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Friday, February 26, 2021
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I was quite a ‘fan’ of German Black Metal paganists Thyrgrim, but for some reason, after quite a fine curriculum vitae, they decided to put the band on hold. A pity for sure. But some of the members decided to continue, and this under the moniker of MNHG. It maintains comparisons to Thyrgrim, but the core is quite different, as I will explain immediately.

And there was given to him a mouth speaking great things and blasphemies; and there was given to him authority to continue forty and two months. And he opened his mouth for blasphemies against god, to blaspheme his name and his tabernacle, even them that dwell in heaven.

And there was given to him a mouth speaking great things and blasphemies… with Black ‘n’ Roll!

Anyway, with a newly recruited drummer, three Thyrgrim members composed and recorded a couple of new pieces, finished in May 2020 at the famous Liquid Aether Studio (think: Grimoire De Occulte, Goatblood or Dodenkrocht, amongst others). Around that time, the band signed a contract with Belgium’s finest Immortal Frost Productions for the physical and digital release of that first MNHG album, called Mundare. It means ‘to clean’, yet probably, I guess, to be interpreted as ‘to purify’. There are five-hundred compact-discs (the so-called ‘jewel-case’ edition), which do include a sixteen-page booklet, available via the band and the label (links: see below).

Well, as said, there are a few comparisons, yet especially new things to discover, compared to the band’s former raison d’être. Comparable are the pounding grooves and the raw sound, as well as some specific excerpts that breathe an epic conviction, courtesy of Thyrgrim. Such example is the short instrumental outro Transition; but I’ll come back on the sonic content immediately.

So, the core is quite (totally) different. It starts with the lyrical side, for example. Texts are now in English instead of German. The German language fitted to Thyrgrim’s stuff for sure, but in MNHG’s case both German and English would just do fine, I think (nothing but a personal, subjective opinion, which you might ignore; however, since this is my review, I can add whatever I want, haha). Also the lyrical content differs. MNHG has a very misanthropic, blaspheme and hateful textual approach, occult and diabolic in essence. The rise of the antichrist, the sadistic rape of angels, the destruction of all temples of monotheist ceremonial subservience, the whore being the mistress of the virgin; I see visions in red, covered in fog and flames…

Time flies by, you will die sick and old. Don’t waste your life, why not serve the bloodred throne?

After a short introduction (which says it all!), MNHG bring forth their core of existence. Mundare stands for a dynamic and rhythmic form of Punk-laden material with a pit-black edge and a grooving play. My first thoughts went towards Sarke, ‘contemporary’ Darkthrone, Vreid or Doden Grotte; even earlier Venom or Bathory’s Octagon do come to mind. It gets labelled as ‘Black ’n’ Roll’, but it’s more than that, even though this description fits for the better part. Most pieces are based on an extremely powerful instrumentation, consisting of chopping drums, down-tuned strings, and hoarse yells with a blackened edge. All this gets injected by some short yet fine-tuned solos, some ‘other’ vocal contributions, and a production so greasy, so indolent, so dingy. Damn, that sound invokes any deity of putrescence, any lord of maggots, any horrific creature rotting away in Purgatory. Important however is to notice the well-balanced mix, with all individual elements being represented equivalently. The low tones of the basses, the necrotic-sounding guitars, the frenetic screams, the adventurous drum patterns, and the few solos, they all have they role to play to make this whole experience a vehement soundtrack.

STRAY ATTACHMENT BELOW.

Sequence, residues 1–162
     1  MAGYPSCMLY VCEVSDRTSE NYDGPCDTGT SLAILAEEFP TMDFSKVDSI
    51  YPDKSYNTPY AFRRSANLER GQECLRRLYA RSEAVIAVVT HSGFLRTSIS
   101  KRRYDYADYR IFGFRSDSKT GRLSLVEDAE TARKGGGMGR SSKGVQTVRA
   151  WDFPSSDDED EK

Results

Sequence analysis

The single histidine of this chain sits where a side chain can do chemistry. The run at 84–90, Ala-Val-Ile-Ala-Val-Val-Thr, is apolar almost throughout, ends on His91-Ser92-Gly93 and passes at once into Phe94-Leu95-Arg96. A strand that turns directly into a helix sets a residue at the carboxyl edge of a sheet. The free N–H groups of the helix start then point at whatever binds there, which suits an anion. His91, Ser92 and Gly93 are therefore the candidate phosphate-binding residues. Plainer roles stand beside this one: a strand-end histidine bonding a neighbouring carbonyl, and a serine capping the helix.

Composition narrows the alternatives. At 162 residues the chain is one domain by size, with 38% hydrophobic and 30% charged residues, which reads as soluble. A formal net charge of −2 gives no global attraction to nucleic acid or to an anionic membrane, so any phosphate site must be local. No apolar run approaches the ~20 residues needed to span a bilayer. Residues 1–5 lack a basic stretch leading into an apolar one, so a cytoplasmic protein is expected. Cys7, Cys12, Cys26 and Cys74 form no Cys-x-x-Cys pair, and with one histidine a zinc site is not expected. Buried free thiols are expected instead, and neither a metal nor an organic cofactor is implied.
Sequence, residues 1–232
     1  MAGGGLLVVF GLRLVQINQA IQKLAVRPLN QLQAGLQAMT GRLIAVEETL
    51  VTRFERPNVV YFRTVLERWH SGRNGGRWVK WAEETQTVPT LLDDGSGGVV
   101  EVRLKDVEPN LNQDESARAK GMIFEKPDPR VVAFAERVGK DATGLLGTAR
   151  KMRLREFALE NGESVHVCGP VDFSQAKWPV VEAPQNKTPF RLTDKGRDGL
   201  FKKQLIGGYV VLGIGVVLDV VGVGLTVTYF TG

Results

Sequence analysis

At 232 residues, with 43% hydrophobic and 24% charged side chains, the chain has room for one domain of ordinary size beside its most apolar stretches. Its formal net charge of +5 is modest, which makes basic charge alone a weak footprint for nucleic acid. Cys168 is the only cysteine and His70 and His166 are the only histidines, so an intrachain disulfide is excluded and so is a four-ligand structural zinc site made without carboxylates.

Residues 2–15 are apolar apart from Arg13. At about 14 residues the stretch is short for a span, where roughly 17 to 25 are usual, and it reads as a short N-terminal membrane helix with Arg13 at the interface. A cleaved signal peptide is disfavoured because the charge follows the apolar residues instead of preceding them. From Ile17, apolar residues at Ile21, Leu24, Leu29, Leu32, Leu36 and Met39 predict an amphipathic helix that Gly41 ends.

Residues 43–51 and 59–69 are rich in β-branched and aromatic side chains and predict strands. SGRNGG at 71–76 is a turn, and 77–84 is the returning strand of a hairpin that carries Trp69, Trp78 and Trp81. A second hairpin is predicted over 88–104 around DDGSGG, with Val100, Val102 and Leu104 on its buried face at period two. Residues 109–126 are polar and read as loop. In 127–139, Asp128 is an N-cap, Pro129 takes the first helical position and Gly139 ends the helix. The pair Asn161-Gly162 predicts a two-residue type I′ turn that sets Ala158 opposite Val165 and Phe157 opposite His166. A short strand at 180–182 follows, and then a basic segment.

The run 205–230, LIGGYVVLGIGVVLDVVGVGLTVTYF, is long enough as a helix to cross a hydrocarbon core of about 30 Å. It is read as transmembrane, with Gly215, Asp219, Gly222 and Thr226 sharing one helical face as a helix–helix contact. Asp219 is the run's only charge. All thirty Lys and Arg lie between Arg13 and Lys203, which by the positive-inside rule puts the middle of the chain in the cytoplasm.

The better part is quite energetic, with a tempo that thunders and blusters. But Mundare is not a blasting experience, some hyper-kinetic frenzy speed-up thing. Okay, these guys go fast, many times, with that ‘no regret, no surrender’ mentality, but rather there is a mid-tempo speed going on, once in a while even doomed within its heaviness. Since there is some sort of catchiness going on, the lack of all-devastating blasts creates a certain modesty; I mean, otherwise it would sound all over the top, and exaggeration results in stupidity. Luckily that is not the case right here. And this quartet proves that you do not need to go into pyroclastic eruptions to make the audience bang their (pretty) heads the whole of the time.

However, one single point of criticism. The individual compositions might sound ‘alike’ for a big part. Once in a while you might think: hey, didn’t I just listen to this riff, or haven’t I heard this fragment before? Even after several listens, undersigned struggles through this muddy experience in order to dissect distinctive chapters. As an honest reviewer (horned smiley included), it’s my duty to mention this. But hey, Mundare surely is a recommendation if you can appreciate timeless Black / Thrash / Punk / Groove Metal! Black ‘n’ roll for the sick-minded amongst us, baby!

Who kneels down for a god that failed, for a hand a hand that was nailed? Who kneels down for salvation, for a written lie? I’m pretty sure MNHG do not kneel down at all!